A divorce is never an easy situation to find oneself in; and many times proceedings can seem like they continue forever before they come to an end. A NJ family attorney can help couples file a collaborative divorce which is a new alternative to the traditional process. Collaborative divorce law allows the spouses to work with attorneys who will help them negotiate the terms of a divorce in a much friendlier and peaceful environment. Each spouse will hire a collaborative attorney who will assist them and advise them in negotiating the terms of a settlement agreement. After the two spouses meet with their individual attorneys, the four parties will meet together to discuss the terms of the divorce and try to reach an agreement. If a collaborative divorce cannot be reached the proceedings must go on to the court system. In these cases the collaborative attorney cannot represent their client in the court proceedings. The goal of a collaborative divorce is to peacefully settle all the terms of the divorce through a series of negotiations. A successful collaborative divorce will end with both parties agreeing on all the aspects of the divorce.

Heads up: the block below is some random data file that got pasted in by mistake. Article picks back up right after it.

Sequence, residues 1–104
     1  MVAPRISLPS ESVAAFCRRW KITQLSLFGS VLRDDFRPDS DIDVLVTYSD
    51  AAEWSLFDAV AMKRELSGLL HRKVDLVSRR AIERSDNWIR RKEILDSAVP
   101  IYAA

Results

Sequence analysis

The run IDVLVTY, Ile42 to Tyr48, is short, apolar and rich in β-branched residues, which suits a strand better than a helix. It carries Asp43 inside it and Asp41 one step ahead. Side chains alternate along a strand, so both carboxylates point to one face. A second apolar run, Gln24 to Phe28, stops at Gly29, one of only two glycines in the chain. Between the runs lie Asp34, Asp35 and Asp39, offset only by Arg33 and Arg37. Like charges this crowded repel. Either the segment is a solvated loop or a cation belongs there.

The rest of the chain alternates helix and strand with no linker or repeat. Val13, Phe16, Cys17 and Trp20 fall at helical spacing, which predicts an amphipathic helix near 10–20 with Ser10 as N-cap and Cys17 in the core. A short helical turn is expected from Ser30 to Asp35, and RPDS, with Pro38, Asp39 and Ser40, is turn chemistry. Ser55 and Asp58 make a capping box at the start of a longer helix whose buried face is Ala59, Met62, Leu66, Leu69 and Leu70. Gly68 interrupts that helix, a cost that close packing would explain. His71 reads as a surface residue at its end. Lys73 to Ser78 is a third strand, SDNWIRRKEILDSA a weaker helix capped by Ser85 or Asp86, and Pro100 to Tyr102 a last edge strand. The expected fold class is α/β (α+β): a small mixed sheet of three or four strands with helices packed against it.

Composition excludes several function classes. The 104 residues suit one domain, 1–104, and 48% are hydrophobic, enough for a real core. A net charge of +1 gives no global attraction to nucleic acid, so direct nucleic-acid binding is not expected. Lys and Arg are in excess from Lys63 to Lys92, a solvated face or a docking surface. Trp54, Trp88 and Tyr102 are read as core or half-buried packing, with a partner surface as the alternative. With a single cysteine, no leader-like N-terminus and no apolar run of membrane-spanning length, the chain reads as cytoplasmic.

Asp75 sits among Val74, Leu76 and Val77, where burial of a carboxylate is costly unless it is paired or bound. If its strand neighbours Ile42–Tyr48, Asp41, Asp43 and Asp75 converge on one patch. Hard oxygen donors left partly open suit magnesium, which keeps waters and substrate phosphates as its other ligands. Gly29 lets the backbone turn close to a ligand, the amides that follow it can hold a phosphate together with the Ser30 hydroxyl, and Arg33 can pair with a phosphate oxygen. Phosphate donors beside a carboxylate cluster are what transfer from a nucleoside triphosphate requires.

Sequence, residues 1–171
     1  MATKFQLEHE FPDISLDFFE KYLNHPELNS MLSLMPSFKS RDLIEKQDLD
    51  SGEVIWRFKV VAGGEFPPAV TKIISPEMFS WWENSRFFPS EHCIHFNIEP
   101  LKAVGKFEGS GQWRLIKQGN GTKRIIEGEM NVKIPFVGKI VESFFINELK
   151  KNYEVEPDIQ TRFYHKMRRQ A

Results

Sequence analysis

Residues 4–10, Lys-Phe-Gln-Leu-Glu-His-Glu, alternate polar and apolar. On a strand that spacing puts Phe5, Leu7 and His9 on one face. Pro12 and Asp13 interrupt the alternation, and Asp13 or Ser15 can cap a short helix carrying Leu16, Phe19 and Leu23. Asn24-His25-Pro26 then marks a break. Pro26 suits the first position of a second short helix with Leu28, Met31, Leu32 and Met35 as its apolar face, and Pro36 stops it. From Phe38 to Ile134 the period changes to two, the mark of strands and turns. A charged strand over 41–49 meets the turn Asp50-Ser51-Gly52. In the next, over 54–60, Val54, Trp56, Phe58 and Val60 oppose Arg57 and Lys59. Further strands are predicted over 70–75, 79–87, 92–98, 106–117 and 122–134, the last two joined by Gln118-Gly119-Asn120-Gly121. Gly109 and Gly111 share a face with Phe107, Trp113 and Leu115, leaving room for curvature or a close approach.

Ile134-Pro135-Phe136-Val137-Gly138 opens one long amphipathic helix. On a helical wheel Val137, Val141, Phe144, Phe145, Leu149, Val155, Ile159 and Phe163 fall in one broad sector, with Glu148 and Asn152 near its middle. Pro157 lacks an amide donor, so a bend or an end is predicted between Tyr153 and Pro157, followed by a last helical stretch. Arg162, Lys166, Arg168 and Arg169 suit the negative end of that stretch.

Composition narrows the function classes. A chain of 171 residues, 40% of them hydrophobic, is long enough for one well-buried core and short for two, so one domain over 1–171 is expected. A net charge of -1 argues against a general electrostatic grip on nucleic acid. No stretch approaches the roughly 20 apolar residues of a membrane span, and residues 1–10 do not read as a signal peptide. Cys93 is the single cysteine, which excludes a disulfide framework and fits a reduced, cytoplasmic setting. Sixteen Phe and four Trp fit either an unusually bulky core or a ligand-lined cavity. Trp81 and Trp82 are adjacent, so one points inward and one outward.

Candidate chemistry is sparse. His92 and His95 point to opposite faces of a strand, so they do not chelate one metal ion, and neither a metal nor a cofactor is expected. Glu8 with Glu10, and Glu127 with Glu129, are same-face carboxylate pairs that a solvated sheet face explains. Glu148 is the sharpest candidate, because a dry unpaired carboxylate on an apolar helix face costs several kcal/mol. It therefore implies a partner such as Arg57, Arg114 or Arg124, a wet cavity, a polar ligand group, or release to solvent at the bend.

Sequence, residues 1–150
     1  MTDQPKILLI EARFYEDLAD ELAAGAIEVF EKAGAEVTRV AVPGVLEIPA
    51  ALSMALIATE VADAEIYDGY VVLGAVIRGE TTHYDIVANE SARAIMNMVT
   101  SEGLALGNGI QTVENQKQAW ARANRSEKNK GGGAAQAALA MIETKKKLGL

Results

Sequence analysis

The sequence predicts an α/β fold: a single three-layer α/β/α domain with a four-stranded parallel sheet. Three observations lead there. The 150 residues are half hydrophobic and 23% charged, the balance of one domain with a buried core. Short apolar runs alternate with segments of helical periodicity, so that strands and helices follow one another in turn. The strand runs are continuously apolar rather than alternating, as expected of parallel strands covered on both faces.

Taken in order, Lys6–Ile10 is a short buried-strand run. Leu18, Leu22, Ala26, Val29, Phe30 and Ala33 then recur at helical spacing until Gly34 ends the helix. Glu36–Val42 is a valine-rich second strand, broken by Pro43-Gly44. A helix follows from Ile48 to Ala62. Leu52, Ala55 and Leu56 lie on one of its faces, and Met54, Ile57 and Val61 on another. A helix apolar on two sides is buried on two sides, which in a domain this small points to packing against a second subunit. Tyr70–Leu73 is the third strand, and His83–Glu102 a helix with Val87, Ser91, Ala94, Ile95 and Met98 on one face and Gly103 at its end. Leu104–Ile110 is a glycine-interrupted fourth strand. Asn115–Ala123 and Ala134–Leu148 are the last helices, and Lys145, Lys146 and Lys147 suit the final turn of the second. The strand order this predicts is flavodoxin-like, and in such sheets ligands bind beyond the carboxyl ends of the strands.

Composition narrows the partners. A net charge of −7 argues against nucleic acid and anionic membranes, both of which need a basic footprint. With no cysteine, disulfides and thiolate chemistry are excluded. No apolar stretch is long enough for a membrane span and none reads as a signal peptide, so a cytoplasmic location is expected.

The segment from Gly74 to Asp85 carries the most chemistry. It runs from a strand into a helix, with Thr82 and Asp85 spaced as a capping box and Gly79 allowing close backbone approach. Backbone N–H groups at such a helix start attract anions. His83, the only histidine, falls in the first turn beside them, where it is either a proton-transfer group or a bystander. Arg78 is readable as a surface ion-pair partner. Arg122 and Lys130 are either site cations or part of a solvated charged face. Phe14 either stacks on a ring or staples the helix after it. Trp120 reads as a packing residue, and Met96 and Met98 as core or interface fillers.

Couples who file for divorce in New Jersey have the option of a no-fault or a fault-based divorce. In a no-fault divorce the parties agree that there are irreconcilable differences which simply means they lack the ability to get along any further and there’s not a chance that they will be able to work it out and get back together. Spouses seeking a no-fault divorce are not required to find fault with the other party or point to something bad which led up to the divorce. A no-fault divorce can be a simpler process and can be easier on the children who are involved.